Yamaha MX MotorcyclesThe Yamaha MX series is an iconic run of dirt bikes introduced back in 1973. The series pre-dated the legendary YZ series, which saw incredible success in competitive motocross riding. As the YZ series grew in popularity, the MX motorcycles became cheaper alternatives for everyone to enjoy.
Below, you'll find everything you need to know about this series of Yamaha motorcycles.
A Brief History Of Yamaha's Motorcross Pedigree
Yamaha is a brand that has always been one of the leading names in motocross innovation. Whether we're talking about shock suspension development or four-stroke engine integration, Yamaha has always been part of the conversation. In fact, many of the popular motocross bikes we see today owe a lot to iconic Yamaha designs of the past.
Yamaha made their first dirt motorbike in 1968. The DT-1 was an overnight success and grew to huge popularity over the following years. By 1975 Yamaha was making big innovations, most famously with the introduction of "MonoShock" rear suspension on their dirt bikes.
The manufacturer continued to be a major player throughout the 80s and 90s, and saw particular success when four-stroke motorcycles were allowed to compete against two-strokes in 1996. The Yahama YZ400F became the first four-stroke bike to win an AMA Supercross event.
The Iconic MX Series
The MX series was made up of a number of motorcycle models. Each one was designed to offer a smooth off-road experience, but differed in engine size and additional features. The result is a range of motorcycles that are appropriate for a total novice up to a professional rider. Here are a few of the most iconic models of the series:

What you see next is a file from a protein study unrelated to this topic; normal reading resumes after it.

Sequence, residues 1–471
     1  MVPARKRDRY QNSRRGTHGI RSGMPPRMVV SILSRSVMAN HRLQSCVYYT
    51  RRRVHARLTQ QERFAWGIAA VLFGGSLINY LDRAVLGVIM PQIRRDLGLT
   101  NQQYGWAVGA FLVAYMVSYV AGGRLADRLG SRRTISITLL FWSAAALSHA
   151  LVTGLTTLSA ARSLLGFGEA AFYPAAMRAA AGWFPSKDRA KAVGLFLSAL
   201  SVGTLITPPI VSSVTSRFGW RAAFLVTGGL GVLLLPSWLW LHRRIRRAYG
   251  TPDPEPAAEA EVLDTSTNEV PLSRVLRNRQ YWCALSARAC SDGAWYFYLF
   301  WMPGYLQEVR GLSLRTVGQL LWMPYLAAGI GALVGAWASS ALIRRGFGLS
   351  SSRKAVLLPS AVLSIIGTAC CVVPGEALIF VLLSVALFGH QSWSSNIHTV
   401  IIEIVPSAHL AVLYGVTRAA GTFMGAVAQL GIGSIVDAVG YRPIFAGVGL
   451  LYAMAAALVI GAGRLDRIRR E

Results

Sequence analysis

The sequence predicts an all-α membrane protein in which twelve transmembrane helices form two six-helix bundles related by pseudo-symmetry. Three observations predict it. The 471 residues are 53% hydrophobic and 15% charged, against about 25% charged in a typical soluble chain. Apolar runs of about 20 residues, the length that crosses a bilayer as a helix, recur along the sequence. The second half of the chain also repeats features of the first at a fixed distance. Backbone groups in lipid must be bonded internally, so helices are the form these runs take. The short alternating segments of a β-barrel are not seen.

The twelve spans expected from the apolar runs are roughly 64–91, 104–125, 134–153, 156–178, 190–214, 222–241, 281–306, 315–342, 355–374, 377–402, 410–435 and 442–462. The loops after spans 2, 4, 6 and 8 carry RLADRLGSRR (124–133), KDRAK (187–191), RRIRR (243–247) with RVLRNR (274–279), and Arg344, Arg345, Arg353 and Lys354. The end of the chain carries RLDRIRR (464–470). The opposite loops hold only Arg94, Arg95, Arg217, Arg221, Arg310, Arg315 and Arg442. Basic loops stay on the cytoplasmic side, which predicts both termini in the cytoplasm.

The MX100 was the smallest capacity machine of the series, but it wasn't the first to be released by Yamaha Motorcross. It was introduced as an entry point into the dirt world, providing new riders endless fun without going overboard on power.
The two-stroke engine could provide a top speed of 55mph, which is more than respectable for a 100cc capacity. With narrow yet chunky off-road tyres, riders could expect good grip on all surfaces and plenty of quick agility to develop their skills.
The Yamaha MX250 was released in 1973, following Yamaha's great successes in the 1972 Motocross Grand Prix. This bike was the ride of the legendary Hakan Anderson, who raced the MX250 to become the 250cc motocross world champion.
The MX360 was one of the earliest iterations in the series, and was Yamaha's top of the line motocross ride prior to the introduction of the YZ series.
This bike brought a ton of new innovations, including Autolube oil injection, Thermal Flow rear shocks and Torque induction. The MX360 remains a firm favourite amongst motocross fanatics.
The MX400 was the largest capacity machine of the series. The big engine certainly performed impressively and the bike could touch 85mph when it was cranked to the max. The MX400 also has an iconic white and yellow design that has enthusiasts weak at the knees to this day.